It was a good thing I did this, a couple injectors wouldn't open at all until soaked. I had them all consistently working by the end. I would connect a neoprene rubber vacuum plug with a small hole poked in it for the straw on some carb cleaner, pressurize with the cleaner, then click the button until I had good, clear flow and a decent spray pattern. Nothing scientific, just went until each one looked like the last.
The next step, I installed up the Holley Fuel rails PN # 534-210. They were one of the more economical, high quality options with o-ring fittings (vs pipe threads) and a complete set of fittings.
One of the tougher parts was deciding where to put the filter pressure regulator unit. I was considering placing it above the subframe like Pstl_Pete's LS3 hatch build, but I couldn't help but wonder what will happen if I get traction and break one of the still stock axles, I would rather just replace a hose than the whole unit, and the rear subframe and axles will be a later project.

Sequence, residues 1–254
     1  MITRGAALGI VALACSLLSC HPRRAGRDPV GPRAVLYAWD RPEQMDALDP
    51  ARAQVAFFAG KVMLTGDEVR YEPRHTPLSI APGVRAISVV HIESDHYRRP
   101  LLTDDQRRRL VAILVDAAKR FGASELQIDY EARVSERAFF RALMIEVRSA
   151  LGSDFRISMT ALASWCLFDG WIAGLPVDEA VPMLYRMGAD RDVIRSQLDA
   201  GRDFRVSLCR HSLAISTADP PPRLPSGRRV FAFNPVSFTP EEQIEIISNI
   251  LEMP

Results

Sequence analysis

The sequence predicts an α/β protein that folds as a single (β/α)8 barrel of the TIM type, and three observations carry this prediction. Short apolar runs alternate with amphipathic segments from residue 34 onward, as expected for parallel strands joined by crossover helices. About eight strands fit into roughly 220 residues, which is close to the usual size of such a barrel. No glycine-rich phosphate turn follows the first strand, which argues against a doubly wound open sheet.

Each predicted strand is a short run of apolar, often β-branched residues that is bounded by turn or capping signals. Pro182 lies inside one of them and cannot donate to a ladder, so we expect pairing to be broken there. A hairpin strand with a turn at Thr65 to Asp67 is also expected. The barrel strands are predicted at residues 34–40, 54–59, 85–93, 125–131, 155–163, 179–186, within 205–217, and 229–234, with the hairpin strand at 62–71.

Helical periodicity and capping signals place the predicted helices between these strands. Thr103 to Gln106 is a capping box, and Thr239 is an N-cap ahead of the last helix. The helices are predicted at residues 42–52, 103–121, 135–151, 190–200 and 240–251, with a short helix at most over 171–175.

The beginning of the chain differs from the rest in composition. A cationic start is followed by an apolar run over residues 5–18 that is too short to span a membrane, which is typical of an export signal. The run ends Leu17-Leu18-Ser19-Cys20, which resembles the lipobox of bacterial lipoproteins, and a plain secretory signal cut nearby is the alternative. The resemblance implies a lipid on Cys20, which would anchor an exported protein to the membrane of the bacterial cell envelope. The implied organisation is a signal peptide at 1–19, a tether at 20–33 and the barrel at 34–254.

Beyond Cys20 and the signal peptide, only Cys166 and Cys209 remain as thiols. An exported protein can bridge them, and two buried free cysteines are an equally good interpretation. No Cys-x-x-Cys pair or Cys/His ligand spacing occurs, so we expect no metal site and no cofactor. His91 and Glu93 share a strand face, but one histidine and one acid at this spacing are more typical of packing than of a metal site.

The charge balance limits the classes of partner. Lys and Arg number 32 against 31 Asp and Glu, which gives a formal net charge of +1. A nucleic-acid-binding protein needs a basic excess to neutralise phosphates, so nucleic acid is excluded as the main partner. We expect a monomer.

I ran the line just beneath the brake line with some cushion clamps and covered the line in fire sleeve to try to protect the rail from the -6 stainless steel line.
I bought this Koul Tools -6 assembly tool towards the end of making the -6 lines after struggling to put a few fittings on, I always have struggled with the smaller sizes. I wish I would have bought it sooner, it made it so much easier. It's well worth the money if you put very many fittings together, stabbing your fingers with little stainless wires gets old after a while.
I used one of the Summit -6 to 1/8 fuel pressure gauge fittings with a little fuel pressure gauge I had sitting in my tool box so that I could keep an eye on fuel pressure.